Monday, November 10, 2008

New Book about Maher Arar

Hope and Despair: My Struggle to Free My Husband, Maher Arar
Written by Monia Mazigh
Publisher: McClelland & Stewart
October 2008

For those of you who don't know, Maher Arar was a Canadian citizen (Born in Syria) who was returning to Canada from North Africa after visiting relatives. He had a Canadian passport, and he was changing planes at JFK airport in New York City in USA.

He was arrested by the US immigrations, accused of being a terrorist and sent to Syria to be tortured. This is a practice called RENDITION and is supported by the US government - well the BUSH administration anyway. We will have to wait and see what Obama does.

Arar's wife Monia had no idea that her husband had not returned home, as she was still in North Africa with her family. It was not until she arrived back in Canada to discover that he was not at home. That is when her terror, and her struggle began.

After Arar returned home, he filed a lawsuit against both the Canadian and American governments. The Canadian government apologised and paid him about $10 million. The US government refuses to accept responsibility, refuses to apologise for their wrong doing, still refuses to remove Arar's name from the terrorist no-fly list and the USA still claims that he is a terrorist.

Monia has written a book - which was released in October this year. I have not read this book, but I do want to get it and read it ASAP. Below is the blurb on the book.

This is the inspiring story of Monia Mazigh’s courageous fight to free her husband, Maher Arar, from a Syrian jail.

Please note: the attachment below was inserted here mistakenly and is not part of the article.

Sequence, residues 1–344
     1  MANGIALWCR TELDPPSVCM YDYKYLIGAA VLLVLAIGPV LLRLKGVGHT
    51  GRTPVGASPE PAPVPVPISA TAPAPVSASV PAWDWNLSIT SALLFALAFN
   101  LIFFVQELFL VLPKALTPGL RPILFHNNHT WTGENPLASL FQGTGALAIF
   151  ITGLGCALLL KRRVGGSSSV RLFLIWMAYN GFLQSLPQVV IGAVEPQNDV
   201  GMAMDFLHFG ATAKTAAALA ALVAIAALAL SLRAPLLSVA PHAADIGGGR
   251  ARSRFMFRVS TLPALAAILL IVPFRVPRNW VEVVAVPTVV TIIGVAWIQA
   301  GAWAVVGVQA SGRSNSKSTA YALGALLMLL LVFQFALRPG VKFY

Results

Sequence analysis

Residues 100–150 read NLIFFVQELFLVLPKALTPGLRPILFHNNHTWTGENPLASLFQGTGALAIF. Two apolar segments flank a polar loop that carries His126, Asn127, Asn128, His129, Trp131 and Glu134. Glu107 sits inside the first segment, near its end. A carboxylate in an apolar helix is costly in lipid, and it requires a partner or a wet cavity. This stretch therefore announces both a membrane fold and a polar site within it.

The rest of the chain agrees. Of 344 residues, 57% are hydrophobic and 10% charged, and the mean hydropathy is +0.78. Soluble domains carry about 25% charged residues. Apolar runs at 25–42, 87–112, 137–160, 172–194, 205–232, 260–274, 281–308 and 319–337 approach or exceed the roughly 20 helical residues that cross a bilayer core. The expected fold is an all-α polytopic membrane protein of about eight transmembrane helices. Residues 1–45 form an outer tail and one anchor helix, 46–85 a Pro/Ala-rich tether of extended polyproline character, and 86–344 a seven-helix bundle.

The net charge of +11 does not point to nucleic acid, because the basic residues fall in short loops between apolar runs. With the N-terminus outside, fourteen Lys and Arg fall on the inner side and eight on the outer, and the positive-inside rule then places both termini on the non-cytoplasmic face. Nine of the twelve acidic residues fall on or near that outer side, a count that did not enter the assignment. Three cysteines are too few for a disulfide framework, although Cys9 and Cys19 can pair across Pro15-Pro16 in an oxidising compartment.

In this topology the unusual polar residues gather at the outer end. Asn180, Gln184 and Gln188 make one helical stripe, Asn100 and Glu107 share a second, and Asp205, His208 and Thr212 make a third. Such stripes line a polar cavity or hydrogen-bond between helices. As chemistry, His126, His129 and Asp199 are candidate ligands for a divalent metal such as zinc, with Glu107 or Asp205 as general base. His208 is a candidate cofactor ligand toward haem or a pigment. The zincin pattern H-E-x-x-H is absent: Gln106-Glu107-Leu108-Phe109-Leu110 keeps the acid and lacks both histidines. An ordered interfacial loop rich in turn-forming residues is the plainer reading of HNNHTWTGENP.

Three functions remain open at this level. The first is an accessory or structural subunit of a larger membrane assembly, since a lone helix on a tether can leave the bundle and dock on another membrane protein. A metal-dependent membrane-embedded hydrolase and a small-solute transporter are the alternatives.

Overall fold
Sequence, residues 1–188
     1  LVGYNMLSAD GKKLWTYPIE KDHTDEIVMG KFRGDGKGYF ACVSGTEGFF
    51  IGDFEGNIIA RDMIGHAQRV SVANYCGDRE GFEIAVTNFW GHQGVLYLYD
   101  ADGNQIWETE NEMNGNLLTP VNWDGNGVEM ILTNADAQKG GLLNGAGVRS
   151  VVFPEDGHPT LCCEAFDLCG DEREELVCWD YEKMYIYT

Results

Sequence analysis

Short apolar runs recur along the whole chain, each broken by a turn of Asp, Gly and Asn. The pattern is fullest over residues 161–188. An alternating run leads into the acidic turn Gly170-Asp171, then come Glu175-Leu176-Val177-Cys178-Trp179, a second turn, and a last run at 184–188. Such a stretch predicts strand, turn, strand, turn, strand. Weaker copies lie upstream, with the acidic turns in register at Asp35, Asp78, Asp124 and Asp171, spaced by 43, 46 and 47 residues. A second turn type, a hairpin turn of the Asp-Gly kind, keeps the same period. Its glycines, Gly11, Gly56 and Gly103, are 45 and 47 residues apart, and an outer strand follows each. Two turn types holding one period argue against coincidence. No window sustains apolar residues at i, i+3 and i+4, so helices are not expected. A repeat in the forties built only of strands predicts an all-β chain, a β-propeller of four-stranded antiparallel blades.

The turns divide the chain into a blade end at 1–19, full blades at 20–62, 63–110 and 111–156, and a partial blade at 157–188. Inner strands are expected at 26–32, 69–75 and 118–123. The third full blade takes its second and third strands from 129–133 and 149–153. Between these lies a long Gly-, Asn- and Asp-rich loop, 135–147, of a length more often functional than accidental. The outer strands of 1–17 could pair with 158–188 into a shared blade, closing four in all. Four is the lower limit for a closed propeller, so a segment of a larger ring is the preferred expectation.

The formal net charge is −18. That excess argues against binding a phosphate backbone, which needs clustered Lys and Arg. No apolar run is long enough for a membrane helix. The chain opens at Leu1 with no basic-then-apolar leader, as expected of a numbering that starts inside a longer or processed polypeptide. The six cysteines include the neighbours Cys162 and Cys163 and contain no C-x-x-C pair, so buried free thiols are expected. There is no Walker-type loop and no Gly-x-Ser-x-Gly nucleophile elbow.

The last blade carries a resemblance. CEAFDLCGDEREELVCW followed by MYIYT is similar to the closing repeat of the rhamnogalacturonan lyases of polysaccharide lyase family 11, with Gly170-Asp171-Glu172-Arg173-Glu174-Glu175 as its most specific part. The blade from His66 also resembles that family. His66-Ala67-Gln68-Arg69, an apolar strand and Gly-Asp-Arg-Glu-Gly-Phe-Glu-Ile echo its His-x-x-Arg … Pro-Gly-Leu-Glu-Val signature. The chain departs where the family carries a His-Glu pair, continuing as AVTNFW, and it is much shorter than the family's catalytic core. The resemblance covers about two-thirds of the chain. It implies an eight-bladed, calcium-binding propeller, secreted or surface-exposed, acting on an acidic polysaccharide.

On September 26, 2002, Maher Arar boarded an American Airlines plane bound for New York, returning early from vacation with his family because a work project needed his attention. He was a Canadian citizen, a telecommunications engineer and entrepreneur who had never been in trouble with the law. His nightmare began when he was pulled aside by Immigration officials at JFK airport, questioned, held without access to a lawyer, and ultimately deported to Syria on the suspicion that he had terrorist links. He would remain there, tortured and imprisoned for over one year. Meanwhile his wife, Monia, and their two children stayed on visiting family in Tunisia, unaware that their lives were about to be torn apart.

Upon her return to Canada, Monia was horrified at the media’s and public’s willingness to assume that the Canadian police and intelligence agencies, and their American counterparts, take on her husband as a terrorist was correct. She began a tireless campaign to bring public attention and government action to her husband’s plight, eventually turning the tide of public opinion in Arar’s favour, and gaining his release and return to Canada. Of her willingness to speak out, she has said that she was never afraid: “I had lost my life. I didn’t have more to lose.”

This is a remarkable story of personal courage, and of an extraordinary woman who lets us into her life so that other Canadians can understand the denial of rights and the discarding of human rights her family suffered. Candid, poignant, and inspiring, this is the most important book of the season.

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